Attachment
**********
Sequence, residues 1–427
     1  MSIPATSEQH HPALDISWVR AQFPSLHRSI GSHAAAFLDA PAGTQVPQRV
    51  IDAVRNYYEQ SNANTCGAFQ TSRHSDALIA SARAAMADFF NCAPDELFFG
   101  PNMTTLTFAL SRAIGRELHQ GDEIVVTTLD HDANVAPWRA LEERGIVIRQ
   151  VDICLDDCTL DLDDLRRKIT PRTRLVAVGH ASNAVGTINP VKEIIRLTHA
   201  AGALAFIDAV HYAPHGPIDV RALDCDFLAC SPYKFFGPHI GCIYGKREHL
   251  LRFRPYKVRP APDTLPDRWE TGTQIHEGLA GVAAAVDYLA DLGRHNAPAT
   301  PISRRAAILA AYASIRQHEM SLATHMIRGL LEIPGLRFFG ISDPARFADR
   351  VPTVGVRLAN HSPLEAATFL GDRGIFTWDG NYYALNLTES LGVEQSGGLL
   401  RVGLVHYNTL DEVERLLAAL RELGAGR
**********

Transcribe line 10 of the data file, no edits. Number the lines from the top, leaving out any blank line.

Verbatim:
   401  RVGLVHYNTL DEVERLLAAL RELGAGR